“Patients are becoming better consumers of health care, they know more about their care and are feeling more empowered to express their desires about their care.

“We have to understand that they’re on their mobile phone, running from home, to day care, to the office. And they’re asking, ‘Why do I need to come to the office to get a prescription you [the doctor] could have called in?’

“So to me, digital health is about preserving the personal relationship, but extending it to better respond to patients and their demands as consumers.  Digital health to me represents all the channels we’re using to do that – yes, we have a website now where we have pictures of our doctors, but it’s more strategic than that. Digital health is constantly being redefined, but it’s certainly broader than us just having a website. It’s about how we use these tools to actually develop a better relationship with them over time.” 

Q: Why does bringing healthcare into the digital age matter?

“What digital can do is to begin to customize how people want to engage, and how patients and providers can find each other, and then actually engage in ways that are better suited for that pairing of patient and provider. Rather than in a mass system, where you park in a parking lot, take an elevator up, and go into an office where 17 neurologists sit, which has been the historic way. Now, there’s this opportunity to customize and diversify how they engage.”  

Q: How is digital health (or your product specifically) driving ‘real world impact’?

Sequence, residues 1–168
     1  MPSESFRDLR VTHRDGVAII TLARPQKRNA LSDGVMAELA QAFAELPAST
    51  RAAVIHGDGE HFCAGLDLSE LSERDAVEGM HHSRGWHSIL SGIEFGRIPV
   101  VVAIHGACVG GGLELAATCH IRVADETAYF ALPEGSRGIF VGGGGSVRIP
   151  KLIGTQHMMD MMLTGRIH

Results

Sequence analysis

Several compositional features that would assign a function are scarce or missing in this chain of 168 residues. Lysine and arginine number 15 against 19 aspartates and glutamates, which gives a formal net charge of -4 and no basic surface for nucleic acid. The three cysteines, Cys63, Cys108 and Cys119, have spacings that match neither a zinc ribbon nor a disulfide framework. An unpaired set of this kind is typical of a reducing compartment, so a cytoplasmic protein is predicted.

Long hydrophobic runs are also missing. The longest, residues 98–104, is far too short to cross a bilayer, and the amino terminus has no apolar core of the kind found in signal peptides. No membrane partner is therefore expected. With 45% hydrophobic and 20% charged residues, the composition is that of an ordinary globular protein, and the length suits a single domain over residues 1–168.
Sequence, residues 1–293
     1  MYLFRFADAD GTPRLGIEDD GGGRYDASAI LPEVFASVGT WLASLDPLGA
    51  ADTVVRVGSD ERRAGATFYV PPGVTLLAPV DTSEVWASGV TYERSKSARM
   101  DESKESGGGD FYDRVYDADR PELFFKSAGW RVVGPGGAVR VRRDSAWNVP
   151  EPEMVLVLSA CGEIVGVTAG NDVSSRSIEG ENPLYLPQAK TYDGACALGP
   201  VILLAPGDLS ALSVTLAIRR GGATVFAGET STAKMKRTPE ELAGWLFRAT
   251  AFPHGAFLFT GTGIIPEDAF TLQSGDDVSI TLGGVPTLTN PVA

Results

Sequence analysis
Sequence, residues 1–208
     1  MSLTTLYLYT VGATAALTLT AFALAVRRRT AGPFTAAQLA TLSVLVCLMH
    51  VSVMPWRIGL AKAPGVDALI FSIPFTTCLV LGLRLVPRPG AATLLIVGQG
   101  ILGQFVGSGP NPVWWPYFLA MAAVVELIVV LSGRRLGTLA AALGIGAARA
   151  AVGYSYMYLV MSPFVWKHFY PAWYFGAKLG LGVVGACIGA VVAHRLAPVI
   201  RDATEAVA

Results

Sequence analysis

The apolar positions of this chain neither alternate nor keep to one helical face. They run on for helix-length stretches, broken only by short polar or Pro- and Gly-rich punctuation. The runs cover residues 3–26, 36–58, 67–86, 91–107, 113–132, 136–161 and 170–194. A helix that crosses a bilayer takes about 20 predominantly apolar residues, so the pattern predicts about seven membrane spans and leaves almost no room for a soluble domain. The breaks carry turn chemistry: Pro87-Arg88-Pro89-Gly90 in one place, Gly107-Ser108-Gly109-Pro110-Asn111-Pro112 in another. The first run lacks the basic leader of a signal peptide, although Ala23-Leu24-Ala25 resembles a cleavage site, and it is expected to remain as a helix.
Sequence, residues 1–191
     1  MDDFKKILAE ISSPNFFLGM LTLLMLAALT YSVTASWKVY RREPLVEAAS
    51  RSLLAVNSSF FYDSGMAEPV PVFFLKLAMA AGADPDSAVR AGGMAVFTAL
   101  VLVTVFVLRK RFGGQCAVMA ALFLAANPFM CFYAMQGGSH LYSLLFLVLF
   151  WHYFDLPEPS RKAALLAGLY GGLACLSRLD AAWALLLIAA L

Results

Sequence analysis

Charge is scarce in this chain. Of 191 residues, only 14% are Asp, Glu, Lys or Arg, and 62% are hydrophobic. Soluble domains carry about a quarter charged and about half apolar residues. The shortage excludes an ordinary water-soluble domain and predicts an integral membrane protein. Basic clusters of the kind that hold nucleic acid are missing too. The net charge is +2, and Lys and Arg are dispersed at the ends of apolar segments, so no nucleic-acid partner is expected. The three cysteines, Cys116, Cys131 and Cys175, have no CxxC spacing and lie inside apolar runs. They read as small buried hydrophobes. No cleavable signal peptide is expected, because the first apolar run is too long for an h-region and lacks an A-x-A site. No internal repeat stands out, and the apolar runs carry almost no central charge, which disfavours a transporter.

“We’re a data-driven company, so from ‘Day One’ it’s instrumental to show impact. The first thing we wanted to make sure was, operationally, we were helping out health systems. 

“In a lot of what we measured, when you move from post-it notes, binders, and the scribbled back-office numbers – to a more Travelocity-like system - there’s going to be huge benefits. Staffers can get through a phone call much faster. They resolve and find the right doctor faster, because they’re not having to flip through binders. There’s instant operational benefits. The conversion of people calling in and finishing with a booked appointment goes up dramatically, anywhere from thirty to seventy percent.

“Financially, what we began to observe was that doctors could more easily look across the entire system and find their colleagues, and could keep care within the walls of the hospital. So care began to get coordinated within, instead of leaking out. So we can translate that to tens, if not hundreds of millions of dollars per year, of new revenue, because patients are now being routed to doctors who previously weren’t busy. 

Q: What was the genesis of you or your company setting up shop in Massachusetts? And what kept you here?